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A Defeat Because of Sin
The Lord had instructed Israel to make Jericho a devoted city, that is, set apart for him. He especially instructed them to place the silver, gold and vessels of brass in his treasury ( Jos_6:17-19 ). Leslie G. Thomas noted that Satan always began his work to ensnare man in sin right at the start of a new relationship with God. He tempted Eve in the Garden of Eden, Cain at the beginning of recorded worship, Nadab and Abihu at the start of Moses' law and Ananias and Sapphira in the early days of the church on earth ( Gen_3:1-24 ; Gen_4:1-26 ; Lev_10:1-7 and Act_5:1-11 ). In each case, the devil used some item that was to be devoted to God's service to tempt man to evil. The first recorded sin in the land of Canaan is no exception. The temptation was to take the devoted thing despite God's strong warnings to the contrary.
Jos_7:1-26 opens with the sad fact that Achan took of the devoted thing. 1Ch_2:7 calls him Achar which, as the text tells us, means trouble. He troubled the whole nation by taking of the banned items and thereby robbing Israel of its purity much like an infection in one of its members can bring down the whole body. Apparently, Joshua did not know of the sin and sent out spies to observe the next place of conquest, Ai. Upon their return, they reported that the town could be taken with between 2,000 and 3,000 men. So, Joshua sent out 3,000 confidant of victory after the fall of Jericho. They were routed and thirty-six lost their lives in the defeat. Further, the people lost their courage because of the loss to such and insignificant place.
The defeat obviously came about because the Lord had left Israel's side. Joshua began to mourn before the ark of the covenant until evening when he started to talk with God. His first words might be considered murmuring if it were not for the fact that he goes on and asks what answer he should give for the Lord when those people round about them heard that Israel, God's people, had turned their backs in battle. Naturally, he foresaw the nations around them becoming bold, surrounding Israel and destroying them. The nations, as Rahab had said, had come to recognize the power of Jehovah and the greatness of his name. Joshua did not want the memory of that to be wiped off the earth.
God's answer to Joshua's depression over the defeat of Israel was threefold. First, he should get up (7:6). Second, the people would have to acknowledge their sin in taking the banned items and putting it among their own stuff in violation of God's command. Israel would no longer be able to stand before their enemies until they destroyed the accursed thing (compare Deu_13:12-18 ). While God sometimes allowed the people to keep some of the spoils of war, he had specifically told them not to take of the things of Jericho and what items were to go into his treasury ( Deu_20:10-14 ; Jos_8:1-2 ). Third, the people would have to be sanctified. To accomplish this, God had them cleanse themselves that night in preparation for coming before the Lord the next morning. They would come by tribes, families, households and then man by man until the one who had violated God's law was exposed. Then, as he had warned in the original commandment, that man would be treated as a part of the accursed thing and would be burned.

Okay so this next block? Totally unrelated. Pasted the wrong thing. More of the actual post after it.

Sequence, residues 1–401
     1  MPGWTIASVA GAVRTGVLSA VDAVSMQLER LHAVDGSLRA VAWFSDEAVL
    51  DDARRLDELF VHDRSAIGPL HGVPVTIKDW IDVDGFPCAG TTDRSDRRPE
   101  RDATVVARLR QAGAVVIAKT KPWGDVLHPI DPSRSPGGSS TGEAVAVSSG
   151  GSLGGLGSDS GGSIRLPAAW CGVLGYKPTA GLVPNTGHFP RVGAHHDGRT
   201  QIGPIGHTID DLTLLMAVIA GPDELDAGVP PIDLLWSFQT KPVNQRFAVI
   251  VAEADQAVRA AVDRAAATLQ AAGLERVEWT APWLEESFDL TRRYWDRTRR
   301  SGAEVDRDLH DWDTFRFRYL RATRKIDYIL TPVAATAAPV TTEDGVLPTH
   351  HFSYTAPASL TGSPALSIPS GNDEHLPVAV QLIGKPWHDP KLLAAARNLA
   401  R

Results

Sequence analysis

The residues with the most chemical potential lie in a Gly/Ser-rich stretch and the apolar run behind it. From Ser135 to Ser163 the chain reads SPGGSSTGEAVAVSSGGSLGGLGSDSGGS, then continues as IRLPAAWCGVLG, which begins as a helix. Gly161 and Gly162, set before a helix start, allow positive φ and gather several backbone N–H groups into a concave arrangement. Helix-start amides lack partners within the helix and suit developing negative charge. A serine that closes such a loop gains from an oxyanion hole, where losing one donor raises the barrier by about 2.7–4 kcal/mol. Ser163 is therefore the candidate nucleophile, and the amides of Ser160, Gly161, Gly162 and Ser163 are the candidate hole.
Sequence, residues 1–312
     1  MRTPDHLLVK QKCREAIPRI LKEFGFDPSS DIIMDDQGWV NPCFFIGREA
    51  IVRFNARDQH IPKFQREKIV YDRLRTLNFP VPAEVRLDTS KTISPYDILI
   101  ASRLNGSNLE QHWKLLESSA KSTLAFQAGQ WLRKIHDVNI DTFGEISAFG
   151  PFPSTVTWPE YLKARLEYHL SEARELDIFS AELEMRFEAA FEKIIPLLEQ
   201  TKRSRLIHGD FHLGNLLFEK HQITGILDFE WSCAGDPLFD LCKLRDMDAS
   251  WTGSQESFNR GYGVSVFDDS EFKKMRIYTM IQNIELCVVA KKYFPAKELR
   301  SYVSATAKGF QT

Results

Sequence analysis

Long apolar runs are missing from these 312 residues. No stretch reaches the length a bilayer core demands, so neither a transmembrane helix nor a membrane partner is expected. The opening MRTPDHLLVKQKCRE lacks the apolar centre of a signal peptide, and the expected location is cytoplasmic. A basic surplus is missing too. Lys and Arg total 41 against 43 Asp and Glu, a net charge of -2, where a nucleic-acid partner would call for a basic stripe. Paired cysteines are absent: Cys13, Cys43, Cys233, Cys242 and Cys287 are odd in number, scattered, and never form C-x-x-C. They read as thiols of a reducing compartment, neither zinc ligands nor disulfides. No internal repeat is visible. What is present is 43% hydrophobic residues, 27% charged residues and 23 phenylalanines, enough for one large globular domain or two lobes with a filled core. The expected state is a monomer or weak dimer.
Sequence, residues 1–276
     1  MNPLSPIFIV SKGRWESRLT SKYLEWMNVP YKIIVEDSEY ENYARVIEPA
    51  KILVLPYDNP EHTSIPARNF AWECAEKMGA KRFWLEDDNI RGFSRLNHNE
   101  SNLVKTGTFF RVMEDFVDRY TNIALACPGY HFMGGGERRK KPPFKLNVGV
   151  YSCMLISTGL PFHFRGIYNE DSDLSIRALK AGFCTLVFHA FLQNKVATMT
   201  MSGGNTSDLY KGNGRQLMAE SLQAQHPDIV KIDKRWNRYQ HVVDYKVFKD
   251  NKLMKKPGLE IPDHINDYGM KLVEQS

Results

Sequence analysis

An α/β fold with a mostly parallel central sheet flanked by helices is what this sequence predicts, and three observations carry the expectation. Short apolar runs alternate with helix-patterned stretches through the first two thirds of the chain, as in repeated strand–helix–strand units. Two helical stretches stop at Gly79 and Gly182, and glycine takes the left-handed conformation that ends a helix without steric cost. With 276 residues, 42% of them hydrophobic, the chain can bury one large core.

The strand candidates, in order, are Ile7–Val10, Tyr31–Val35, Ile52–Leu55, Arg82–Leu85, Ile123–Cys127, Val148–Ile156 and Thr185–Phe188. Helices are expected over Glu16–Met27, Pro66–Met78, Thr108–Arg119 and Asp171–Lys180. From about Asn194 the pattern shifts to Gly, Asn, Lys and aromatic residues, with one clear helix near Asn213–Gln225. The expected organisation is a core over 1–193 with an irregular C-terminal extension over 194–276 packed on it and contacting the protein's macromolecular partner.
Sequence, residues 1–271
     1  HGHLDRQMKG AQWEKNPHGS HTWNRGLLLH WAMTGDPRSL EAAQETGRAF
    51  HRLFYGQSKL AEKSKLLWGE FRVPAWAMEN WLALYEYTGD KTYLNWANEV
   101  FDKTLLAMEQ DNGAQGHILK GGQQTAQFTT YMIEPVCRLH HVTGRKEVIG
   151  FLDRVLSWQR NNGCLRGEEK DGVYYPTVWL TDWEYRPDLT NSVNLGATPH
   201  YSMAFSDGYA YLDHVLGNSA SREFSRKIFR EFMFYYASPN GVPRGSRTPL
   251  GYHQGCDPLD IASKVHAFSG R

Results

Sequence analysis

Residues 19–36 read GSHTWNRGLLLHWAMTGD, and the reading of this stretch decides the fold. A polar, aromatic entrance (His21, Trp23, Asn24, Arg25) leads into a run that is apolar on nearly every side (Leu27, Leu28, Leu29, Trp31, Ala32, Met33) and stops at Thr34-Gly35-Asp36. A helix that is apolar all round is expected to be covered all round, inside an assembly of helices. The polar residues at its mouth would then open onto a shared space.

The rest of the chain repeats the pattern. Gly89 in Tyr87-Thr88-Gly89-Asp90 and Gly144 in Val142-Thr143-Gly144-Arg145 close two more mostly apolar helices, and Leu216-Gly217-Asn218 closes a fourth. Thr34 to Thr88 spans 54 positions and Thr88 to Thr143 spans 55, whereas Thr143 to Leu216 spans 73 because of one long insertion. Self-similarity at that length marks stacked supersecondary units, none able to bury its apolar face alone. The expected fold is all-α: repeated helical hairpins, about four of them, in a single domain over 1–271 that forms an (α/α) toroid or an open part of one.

Joshua followed the Lord's instructions and at last Achan appeared before him as the man who had specifically violated God's will. Thomas says the word "confess" literally means "to say the same thing." God already knew of the sin of Achan and now Achan told the people the same thing. He described his sin by saying he saw, coveted and took the items involved. Other scriptures warn us of the danger of these very actions ( 1Jn_2:15-17 ; 1Co_6:9-10 ; Col_3:5 ; Eph_4:28 ). In this case, Achan had robbed God because he had taken that which was devoted to him.
Since Deu_24:16 expressly forbids punishing the children for the crimes of their fathers, we have to assume one of two things. Either Achan's children became accomplices to the crime because the goods were hidden in the tent where they lived, or the plural "them" in verse 24 describes Achan and his things. At any rate, the whole nation participated in the punishment of Achan by stoning and then burning him as God directed. In this way, the people put the evil away from them and were again sanctified in God's sight.
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Hampton, Gary. "Commentary on Joshua 7". "Hampton's Commentary on Selected Books". https://studylight.org/
the Second Week of Advent